The morphological responses of deltas to hurricanes vary depending on delta’s geometric properties, receiving basin properties and hurricane properties (Fan et al., 2006; Turner et al., 2006; Barras, 2009; Tweel and Turner, 2012; Brownell, 2013). The WLD, which is predominantly controlled by fluvial forces, and located in a shallow bay area protected by barrier islands, may response differently to hurricanes compared with other river-dominated deltas. For example, the Mississippi River Delta experiences wide spread land loss during hurricanes (Barras, 2009), attributed to the strong waves and surges caused by hurricanes, and the deep receiving basin that favors wave progragation. Due to high percentage of organic matter compared to the WLD system, the mature vegetation and solid soil layer of the Mississippi River Delta, may reduce the sediment movement during hurricane events. The large magnitude of deltaic area of the Mississippi River Delta could cause some unique features of morphological changes compared with the WLD during hurricanes. For instance, there could be a transition pattern from coast to inland wetlands, and the spatial varied vegetation types may cause different spatial morphological responses to hurricane events (Howes et al., 2010); while the morphological changes pattern would be more uniform on a small delta, such as the WLD. Most former studies are based on observed morphological changes of deltas due to hurricanes (Turner et al., 2006; Barras, 2009; Tweel and Turner, 2012), but the mechanism on how hurricanes cause these changes has been difficult to deduce.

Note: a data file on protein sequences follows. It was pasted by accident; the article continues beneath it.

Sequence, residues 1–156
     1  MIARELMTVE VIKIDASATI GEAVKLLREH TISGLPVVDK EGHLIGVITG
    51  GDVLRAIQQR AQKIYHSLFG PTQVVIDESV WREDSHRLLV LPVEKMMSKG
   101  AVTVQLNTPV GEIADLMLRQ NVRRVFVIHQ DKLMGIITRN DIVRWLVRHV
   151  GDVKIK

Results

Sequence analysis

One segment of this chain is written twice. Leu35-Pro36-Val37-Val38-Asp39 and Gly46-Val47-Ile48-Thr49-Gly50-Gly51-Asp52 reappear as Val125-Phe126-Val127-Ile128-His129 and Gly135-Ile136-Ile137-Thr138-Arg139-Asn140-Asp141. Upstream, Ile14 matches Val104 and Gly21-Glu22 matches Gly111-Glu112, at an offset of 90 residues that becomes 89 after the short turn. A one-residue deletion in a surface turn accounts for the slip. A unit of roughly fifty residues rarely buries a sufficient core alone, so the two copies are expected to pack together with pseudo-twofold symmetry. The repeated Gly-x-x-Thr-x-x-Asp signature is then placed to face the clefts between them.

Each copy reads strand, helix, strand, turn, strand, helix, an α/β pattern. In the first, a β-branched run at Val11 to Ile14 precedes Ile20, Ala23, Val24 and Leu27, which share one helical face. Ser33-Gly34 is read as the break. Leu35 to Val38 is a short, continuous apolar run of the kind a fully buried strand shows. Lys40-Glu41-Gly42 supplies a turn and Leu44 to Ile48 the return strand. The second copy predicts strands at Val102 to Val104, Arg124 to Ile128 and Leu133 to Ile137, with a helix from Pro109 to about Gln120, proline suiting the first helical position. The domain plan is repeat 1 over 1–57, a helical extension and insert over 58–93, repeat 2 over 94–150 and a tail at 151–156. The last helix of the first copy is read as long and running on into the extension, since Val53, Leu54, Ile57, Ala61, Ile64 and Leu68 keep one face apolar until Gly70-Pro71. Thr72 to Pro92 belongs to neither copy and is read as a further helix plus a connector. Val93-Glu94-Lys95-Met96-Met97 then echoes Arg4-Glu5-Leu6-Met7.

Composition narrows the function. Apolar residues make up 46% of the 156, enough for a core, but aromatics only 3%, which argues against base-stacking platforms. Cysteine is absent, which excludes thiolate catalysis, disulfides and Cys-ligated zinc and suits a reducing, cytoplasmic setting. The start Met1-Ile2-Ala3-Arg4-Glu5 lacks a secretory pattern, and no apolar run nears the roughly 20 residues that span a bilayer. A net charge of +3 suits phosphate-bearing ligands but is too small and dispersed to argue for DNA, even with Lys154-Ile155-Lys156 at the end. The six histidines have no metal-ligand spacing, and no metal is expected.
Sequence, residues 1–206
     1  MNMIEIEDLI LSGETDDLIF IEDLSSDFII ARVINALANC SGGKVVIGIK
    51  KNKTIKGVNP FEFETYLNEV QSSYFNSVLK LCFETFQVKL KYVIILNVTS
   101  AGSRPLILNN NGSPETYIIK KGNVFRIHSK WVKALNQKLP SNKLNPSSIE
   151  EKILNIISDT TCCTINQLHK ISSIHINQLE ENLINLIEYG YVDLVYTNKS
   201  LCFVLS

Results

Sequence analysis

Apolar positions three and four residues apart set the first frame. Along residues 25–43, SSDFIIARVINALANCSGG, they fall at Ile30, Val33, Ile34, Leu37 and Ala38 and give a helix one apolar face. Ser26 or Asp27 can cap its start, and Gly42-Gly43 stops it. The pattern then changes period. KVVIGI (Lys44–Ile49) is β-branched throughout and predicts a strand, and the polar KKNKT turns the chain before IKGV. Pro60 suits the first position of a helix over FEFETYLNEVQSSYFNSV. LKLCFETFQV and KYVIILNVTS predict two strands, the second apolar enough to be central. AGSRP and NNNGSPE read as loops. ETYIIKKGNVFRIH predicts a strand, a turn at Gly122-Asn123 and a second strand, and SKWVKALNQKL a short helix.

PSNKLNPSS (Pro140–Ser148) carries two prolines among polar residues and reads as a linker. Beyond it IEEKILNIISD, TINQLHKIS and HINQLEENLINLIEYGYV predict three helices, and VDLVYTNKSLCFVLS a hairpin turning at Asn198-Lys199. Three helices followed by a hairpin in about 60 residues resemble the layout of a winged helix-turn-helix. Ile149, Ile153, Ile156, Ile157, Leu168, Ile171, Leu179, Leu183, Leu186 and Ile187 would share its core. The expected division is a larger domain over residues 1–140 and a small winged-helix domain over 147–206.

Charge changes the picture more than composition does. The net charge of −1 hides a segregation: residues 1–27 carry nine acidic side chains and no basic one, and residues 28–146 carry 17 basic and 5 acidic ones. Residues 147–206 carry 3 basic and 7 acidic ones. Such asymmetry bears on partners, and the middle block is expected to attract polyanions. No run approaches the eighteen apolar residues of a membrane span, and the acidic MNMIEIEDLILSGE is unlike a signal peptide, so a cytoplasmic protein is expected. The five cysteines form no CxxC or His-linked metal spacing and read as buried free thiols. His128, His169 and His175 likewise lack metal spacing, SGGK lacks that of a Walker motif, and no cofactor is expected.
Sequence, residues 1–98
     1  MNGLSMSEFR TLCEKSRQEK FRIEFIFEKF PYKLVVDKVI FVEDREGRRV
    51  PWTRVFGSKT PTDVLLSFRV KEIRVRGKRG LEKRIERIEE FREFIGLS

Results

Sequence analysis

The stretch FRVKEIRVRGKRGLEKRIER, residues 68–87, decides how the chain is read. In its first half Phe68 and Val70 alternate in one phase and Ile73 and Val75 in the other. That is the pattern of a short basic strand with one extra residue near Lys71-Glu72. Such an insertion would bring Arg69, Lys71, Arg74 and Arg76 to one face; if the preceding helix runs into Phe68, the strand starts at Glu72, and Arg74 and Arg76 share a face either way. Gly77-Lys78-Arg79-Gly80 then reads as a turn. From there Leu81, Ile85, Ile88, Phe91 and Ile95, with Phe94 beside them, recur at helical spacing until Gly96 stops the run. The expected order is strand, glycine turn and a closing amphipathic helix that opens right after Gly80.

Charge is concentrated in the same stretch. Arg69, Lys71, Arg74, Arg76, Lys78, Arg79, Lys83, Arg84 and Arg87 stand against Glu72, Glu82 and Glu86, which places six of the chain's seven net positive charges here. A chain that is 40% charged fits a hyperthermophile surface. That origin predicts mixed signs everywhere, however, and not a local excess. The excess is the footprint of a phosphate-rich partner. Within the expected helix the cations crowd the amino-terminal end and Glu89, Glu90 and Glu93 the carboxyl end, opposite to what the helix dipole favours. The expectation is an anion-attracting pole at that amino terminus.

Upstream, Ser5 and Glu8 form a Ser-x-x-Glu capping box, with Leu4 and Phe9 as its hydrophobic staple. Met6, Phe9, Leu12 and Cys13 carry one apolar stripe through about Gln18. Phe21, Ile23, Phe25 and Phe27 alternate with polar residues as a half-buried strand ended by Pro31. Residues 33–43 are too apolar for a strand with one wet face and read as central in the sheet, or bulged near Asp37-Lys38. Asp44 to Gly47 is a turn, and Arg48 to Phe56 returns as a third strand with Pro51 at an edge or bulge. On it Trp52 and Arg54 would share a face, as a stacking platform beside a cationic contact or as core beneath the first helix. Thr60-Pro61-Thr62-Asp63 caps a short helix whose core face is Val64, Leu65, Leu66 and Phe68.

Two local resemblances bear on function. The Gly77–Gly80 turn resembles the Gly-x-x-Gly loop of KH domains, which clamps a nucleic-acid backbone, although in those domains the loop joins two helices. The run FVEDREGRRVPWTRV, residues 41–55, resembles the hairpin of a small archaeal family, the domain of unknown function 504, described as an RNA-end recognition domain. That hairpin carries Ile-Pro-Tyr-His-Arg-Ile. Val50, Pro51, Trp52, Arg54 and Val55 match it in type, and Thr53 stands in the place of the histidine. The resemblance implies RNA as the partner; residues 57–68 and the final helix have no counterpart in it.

The study of the WLD offers significant insights to explain the mechanism how river-dominated deltas respond to hurricanes. Our model results indicate that the area located on the right side of hurricane track experiences more significant morphological changes due to strong wind and wave forces, and barrier islands are subjected to erosion in support of previous observations (Coch, 1994; Weisberg and Zheng, 2006; Horton et al., 2009; Williams, 2009; Guidroz et al., 2006). Our results demonstrate the roles of waves, fluvial discharge, and vegetation on determining morphological changes of the WLD during Hurricane Rita, and provide important insights on how these factors would influence the delta’s morphology during hurricane events.

5. Conclusions